Harvard Pop Center Director Lisa Berkman, PhD, and faculty member Mauricio Avendano, PhD, are co-authors on a study published in the American Journal of Public Health that suggests that the larger educational disparities in mortality in the United States partly explain why US adults have higher mortality than their European counterparts. Although more evidence is needed, the study suggests that policies to reduce mortality among the lower educated could be necessary to bridge the mortality gap between the United States and European countries.
Former Harvard Robert Wood Johnson Health & Society Scholar Jeffrey “Bart” Bingenheimer, PhD, is lead author on a study published in Studies in Family Planning that explores the influences of peers on the sexual activity of adolescents in sub-Saharan Africa. Findings suggest that the most effective strategy to target at-risk adolescent boys would include peer-based interventions.
Harvard Pop Center Director Lisa Berkman shares findings from the Work, Family & Health Network intervention study with Robin Young in this NPR story that aired on Here & Now. This news story, “Are American Workplace Policies Stuck in the 1950s?,” is part of NPR’s focus this month on what factors shape health, the topic of a recent poll by NPR, the Robert Wood Johnson Foundation, and the Harvard T.H. Chan School of Public Health, as well a recent Forum panel discussion.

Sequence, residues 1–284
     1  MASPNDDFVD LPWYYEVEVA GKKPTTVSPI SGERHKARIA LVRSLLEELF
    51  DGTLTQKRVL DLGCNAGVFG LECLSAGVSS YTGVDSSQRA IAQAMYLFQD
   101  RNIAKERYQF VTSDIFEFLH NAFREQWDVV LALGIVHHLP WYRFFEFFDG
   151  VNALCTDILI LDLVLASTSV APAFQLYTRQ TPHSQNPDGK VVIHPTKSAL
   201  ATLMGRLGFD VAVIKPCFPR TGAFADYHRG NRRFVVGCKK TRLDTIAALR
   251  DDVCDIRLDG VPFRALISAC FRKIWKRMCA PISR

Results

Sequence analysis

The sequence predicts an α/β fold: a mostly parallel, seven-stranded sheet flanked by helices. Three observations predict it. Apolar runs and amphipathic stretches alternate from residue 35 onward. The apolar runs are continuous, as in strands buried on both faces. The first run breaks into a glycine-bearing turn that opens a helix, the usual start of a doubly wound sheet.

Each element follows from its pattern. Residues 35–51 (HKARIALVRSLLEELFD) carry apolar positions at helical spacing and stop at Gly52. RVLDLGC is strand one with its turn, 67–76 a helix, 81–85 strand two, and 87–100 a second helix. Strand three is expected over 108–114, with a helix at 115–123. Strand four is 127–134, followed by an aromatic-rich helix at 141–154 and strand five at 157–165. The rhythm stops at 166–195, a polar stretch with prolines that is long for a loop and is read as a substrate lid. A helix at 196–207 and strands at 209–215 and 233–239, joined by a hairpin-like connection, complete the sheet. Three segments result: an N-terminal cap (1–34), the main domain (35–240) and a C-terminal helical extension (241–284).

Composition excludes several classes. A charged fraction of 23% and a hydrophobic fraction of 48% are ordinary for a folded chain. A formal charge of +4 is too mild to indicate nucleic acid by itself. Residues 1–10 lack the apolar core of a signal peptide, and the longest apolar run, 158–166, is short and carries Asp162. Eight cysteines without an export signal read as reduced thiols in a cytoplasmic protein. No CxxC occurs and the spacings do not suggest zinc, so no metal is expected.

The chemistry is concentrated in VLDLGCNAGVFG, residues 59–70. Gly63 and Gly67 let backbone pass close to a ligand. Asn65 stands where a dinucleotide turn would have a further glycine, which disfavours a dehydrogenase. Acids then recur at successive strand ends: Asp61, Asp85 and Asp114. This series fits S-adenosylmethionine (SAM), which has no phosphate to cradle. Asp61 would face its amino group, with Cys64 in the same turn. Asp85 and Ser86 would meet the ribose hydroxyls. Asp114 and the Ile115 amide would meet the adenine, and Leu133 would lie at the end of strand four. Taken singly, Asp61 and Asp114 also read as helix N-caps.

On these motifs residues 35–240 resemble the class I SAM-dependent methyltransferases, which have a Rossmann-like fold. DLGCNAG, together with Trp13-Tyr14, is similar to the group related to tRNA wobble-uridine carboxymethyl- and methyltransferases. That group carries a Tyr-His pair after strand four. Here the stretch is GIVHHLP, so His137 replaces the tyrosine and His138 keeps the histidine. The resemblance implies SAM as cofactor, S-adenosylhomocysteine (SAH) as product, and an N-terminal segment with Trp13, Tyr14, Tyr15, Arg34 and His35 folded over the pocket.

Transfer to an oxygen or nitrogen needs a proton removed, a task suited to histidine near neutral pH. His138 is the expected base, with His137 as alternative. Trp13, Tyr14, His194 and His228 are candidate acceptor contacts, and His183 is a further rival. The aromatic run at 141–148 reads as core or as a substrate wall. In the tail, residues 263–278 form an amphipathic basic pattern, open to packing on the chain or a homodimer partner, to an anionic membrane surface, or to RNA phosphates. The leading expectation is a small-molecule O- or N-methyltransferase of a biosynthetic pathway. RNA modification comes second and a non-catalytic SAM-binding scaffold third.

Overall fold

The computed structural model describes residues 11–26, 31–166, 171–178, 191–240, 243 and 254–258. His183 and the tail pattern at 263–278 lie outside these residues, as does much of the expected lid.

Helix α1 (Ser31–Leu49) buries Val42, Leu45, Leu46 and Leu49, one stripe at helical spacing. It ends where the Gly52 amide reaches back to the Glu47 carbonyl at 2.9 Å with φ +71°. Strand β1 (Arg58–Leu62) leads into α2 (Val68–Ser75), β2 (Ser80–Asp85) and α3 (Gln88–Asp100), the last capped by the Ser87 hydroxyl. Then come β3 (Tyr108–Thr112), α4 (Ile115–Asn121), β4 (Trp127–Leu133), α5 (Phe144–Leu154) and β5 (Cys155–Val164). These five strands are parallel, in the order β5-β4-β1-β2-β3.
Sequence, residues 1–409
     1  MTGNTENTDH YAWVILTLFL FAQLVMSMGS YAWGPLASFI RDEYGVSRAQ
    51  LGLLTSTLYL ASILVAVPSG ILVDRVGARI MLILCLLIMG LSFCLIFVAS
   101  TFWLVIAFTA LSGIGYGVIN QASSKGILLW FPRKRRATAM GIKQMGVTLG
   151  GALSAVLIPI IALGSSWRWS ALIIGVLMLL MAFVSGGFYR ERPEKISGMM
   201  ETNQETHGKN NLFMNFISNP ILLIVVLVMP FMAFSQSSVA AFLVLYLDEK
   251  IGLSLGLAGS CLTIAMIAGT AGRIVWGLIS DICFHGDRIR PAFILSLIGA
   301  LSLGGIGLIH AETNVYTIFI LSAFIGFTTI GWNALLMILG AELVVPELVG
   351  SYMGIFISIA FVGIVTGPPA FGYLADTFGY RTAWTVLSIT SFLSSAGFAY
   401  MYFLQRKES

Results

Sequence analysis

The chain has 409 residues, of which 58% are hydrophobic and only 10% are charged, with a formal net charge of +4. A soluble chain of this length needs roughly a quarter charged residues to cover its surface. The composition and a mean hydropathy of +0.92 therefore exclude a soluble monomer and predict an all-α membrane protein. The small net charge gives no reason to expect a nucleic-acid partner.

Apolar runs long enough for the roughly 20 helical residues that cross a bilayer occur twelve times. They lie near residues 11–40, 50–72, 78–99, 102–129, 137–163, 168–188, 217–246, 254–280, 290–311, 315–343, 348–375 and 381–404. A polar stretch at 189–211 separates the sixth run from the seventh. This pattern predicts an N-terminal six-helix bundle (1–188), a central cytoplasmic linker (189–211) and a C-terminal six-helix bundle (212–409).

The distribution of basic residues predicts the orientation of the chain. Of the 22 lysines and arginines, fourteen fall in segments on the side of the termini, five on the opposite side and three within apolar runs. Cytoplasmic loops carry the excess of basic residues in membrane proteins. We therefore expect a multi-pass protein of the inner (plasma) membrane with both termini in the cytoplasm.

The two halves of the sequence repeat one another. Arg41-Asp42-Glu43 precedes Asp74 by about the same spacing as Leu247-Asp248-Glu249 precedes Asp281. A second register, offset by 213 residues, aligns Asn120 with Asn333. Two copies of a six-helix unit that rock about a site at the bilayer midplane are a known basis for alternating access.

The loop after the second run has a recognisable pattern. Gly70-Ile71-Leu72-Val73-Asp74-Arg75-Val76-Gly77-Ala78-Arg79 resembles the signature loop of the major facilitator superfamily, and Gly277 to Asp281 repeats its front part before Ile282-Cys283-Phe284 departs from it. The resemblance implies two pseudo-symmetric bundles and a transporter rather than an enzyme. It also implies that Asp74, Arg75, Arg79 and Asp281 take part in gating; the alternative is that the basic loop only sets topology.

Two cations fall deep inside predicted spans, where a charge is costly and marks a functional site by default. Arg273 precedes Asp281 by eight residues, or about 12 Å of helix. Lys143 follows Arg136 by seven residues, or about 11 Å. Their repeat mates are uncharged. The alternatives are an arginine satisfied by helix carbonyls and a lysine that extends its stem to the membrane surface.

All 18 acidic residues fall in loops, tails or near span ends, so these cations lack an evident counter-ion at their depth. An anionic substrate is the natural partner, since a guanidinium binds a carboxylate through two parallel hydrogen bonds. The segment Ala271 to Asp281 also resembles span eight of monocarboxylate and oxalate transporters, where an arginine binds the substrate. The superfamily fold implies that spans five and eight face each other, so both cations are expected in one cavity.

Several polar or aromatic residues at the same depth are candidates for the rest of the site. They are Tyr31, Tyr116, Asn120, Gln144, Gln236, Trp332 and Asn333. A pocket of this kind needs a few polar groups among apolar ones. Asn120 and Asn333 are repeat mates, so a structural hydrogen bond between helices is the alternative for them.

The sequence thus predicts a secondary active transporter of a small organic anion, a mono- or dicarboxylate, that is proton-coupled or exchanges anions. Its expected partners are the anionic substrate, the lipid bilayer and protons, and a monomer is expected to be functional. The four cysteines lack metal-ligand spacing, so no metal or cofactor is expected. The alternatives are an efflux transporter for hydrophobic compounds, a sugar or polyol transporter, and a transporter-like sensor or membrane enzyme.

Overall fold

Three Harvard Pop Center researchers, including research fellow Laura C. Yasaitis, PhD, Pop Center Director Lisa Berkman, PhD, and faculty member Amitabh Chandra, PhD, have published a study in Circulation, the journal of the American Heart Association, that compares self-reported data to administrative data (Medicare claims) on acute myocardial infarction events.
Former Harvard Robert Wood Johnson Health & Society Scholar Rebecca Thurston, PhD, is lead author on two studies, both to be presented at the American College of Cardiology’s annual Scientific Session in San Diego March 14 – 16, 2015, that suggest that early and frequent menopausal hot flashes may be linked to increased risk for heart disease. These findings, which focus on endothelial (the inner lining of blood vessels) function, have been receiving attention in the press; learn more from cbsnews.com, medicalxpress.com, Pittsburgh Post-Gazette, and DailyRx.com.
Harvard RWJF Health & Society Scholar program alumna Amy Non, PhD, is co-author of a study published in the American Journal of Human Biology that serves as a type of primer for anthropologists and human biologists interested in incorporating epigenetic (chemical modifications to the genome that may alter gene expression) data into their research programs.
Researchers affiliated with the Harvard Center for Population and Development Studies have published a study in the American Journal of Public Health that examines the use of sequence analysis as a exposure assessment tool for life course research. Visiting Scientist Erika Sabbath, ScD, who is lead author on the study, collaborated with Research Associate Iván Mejía Guevara, PhD, faculty member M. Maria Glymour, ScD, and Director Lisa Berkman, PhD.